Village broadband mystery finally solved after 18 months of signal failure

·3-min read
The broadband mystery has finally been solved in Aberhosan, Wales - Jeremy Bolwell/Athena
The broadband mystery has finally been solved in Aberhosan, Wales - Jeremy Bolwell/Athena

Every day, without fail, for 18 months, an entire Welsh village lost its broadband connection on the dot at 7am.

The mystery left residents and engineers utterly baffled and frustrated.

Unable to get online, the 400-strong population of Aberhosan, Powys, repeatedly called telecoms experts, who in turn, regularly descended on the village in a bid to identify the problem.

In a desperate, and rather costly attempt to solve the problem, they even replaced the area’s cables.

But still, much to their bemusement, the signal continued to plummet from 7am.

Eventually, engineers launched an investigation, bringing in a “crack squad” from other parts of the UK.

Equipped with a specialist monitoring device called a Spectrum Analyser, the team was dispatched to scope the village from dawn.

Michael Jones, an Openreach engineer, said: "We walked up and down the village in the torrential rain at 6am to see if we could find an electrical noise to support our theory.

The device led the engineers to one middle-aged couple’s home, where they found the source of the problem. 

The residents, Alun and Elaine Rees, were “mortified” to discover that their old, second- hand television set, which was switched on at 7am every morning for the news, was emitting electrical interference that affected the broadband signal.

“As you can imagine when we pointed this out to the resident, they were mortified that their old TV was the cause of an entire village's broadband problems,” Mr Jones said.

“They immediately agreed to switch it off and not use it again.”

He added: "Not being able to solve the fault for our customers left us feeling frustrated and downbeat, but we were determined to get to the bottom of it.”

However, despite Openreach’s triumphant claims, villagers including Mr and Mrs Rees’s own son, Aled, insisted that their internet problems persisted, long after the offending television had been scrapped.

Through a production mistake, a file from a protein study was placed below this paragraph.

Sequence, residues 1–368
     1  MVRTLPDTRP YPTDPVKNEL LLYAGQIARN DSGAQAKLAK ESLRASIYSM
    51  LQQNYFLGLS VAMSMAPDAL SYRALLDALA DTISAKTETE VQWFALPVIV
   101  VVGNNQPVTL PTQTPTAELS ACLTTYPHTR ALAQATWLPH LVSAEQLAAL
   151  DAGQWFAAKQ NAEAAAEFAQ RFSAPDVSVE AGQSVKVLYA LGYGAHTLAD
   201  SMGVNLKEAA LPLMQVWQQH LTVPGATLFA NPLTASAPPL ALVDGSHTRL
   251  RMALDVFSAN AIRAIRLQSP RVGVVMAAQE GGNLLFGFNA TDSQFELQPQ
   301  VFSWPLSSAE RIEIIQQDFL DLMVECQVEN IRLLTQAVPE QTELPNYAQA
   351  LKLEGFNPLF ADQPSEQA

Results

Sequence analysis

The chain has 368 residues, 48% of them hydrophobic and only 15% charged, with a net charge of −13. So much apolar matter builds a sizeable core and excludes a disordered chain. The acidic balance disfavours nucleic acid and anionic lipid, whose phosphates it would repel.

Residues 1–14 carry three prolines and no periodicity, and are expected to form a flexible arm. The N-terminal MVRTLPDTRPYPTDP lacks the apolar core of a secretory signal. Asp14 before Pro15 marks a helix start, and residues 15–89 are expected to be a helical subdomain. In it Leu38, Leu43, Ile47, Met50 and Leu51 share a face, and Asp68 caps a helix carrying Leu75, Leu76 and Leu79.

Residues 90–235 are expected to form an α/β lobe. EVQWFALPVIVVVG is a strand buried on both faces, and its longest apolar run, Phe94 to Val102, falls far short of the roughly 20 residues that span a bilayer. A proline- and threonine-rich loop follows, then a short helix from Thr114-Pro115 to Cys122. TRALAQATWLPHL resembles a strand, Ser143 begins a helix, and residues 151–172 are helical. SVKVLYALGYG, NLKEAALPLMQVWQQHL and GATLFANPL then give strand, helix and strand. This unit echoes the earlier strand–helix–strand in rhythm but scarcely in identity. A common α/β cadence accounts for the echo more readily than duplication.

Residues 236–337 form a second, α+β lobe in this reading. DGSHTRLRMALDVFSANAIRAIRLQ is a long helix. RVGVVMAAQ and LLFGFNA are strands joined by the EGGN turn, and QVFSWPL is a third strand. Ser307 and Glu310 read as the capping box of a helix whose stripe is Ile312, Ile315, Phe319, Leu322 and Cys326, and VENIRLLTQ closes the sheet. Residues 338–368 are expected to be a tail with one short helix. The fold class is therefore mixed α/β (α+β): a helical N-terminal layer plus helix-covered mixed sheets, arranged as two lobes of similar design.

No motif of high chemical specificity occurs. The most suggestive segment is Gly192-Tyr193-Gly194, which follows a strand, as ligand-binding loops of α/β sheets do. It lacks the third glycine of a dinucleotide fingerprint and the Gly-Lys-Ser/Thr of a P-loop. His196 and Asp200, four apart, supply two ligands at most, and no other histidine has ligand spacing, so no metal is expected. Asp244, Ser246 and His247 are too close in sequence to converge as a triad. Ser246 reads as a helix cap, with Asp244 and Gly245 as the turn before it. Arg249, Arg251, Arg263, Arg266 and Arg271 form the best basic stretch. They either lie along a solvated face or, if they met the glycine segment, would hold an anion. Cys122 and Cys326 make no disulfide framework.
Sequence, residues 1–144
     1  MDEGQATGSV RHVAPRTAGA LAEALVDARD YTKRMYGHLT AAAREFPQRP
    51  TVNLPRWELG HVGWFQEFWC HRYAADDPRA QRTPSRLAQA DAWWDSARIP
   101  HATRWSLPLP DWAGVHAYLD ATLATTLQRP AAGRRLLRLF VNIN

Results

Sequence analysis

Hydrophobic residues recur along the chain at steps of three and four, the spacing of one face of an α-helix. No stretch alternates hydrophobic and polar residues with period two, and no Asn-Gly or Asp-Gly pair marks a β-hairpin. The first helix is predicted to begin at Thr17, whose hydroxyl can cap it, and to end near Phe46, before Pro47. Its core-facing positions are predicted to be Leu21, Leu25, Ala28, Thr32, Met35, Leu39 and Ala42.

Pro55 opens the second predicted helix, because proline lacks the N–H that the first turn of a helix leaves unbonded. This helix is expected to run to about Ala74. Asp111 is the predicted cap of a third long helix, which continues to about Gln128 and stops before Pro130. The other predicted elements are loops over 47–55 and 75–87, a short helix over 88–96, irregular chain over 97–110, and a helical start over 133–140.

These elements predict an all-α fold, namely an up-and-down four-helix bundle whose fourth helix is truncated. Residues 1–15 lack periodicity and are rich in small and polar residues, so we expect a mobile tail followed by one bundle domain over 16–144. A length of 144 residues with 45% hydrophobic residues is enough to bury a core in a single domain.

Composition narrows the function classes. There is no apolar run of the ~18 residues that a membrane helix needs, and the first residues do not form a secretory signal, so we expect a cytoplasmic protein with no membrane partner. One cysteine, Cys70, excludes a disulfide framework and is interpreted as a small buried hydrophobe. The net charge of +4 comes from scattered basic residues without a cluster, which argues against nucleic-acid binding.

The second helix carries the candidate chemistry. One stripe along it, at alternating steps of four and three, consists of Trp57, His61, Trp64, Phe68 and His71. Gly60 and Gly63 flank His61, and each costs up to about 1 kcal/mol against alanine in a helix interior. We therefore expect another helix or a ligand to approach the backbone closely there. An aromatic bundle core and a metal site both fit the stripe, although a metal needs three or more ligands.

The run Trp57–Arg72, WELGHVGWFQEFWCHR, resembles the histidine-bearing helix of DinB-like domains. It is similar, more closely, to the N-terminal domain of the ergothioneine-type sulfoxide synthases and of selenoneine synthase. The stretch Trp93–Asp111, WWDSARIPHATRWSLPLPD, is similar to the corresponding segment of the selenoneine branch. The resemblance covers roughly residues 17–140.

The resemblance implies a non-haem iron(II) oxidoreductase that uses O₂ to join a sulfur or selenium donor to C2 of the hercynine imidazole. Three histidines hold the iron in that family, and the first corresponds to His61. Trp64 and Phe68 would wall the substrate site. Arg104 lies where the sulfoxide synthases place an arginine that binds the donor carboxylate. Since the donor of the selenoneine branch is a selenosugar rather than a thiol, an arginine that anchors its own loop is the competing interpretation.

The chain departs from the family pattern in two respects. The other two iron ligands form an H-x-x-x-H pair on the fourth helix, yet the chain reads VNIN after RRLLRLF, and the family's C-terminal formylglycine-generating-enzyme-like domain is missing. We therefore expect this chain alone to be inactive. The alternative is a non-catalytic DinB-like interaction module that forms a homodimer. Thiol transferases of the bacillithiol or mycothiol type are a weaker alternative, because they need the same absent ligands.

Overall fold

Mr Rees told The Telegraph: “This Mr Jones must be smoking something funny if he thinks it’s got anything to do with the TV.

“My parents had only had the TV a few months, and it was a flat screen plasma. The internet problems in the village had been going on for much longer than that and they are continuing today, even after they got rid of the TV.

“I’ve no idea why Openreach are saying this - they’ve got to blame somebody and they’re not going to blame themselves.”

Eirian Hughes, 63, said: “This story is just a smokescreen, and the fact is, it’s costing too much to connect to fibre. The broadband service is rubbish. It’s a farce. It took four-and-a-half hours last week to try and upload a one minute and 37 seconds video.”

Farmer Geraint Jones, 60, said the connection speed was still “worse than appalling.”

An Openreach spokesman said: “It’s true to say the villagers were already having to put up with broadband on an old slower copper network – but the faulty TV set was clearly interfering with the existing service and we’re delighted to have solved that particular mystery.

“We did point out that broadband in the village was already slow – so we’re pleased  to say the village is now inline to be upgraded imminently to superfast broadband which will improve matters even more.”

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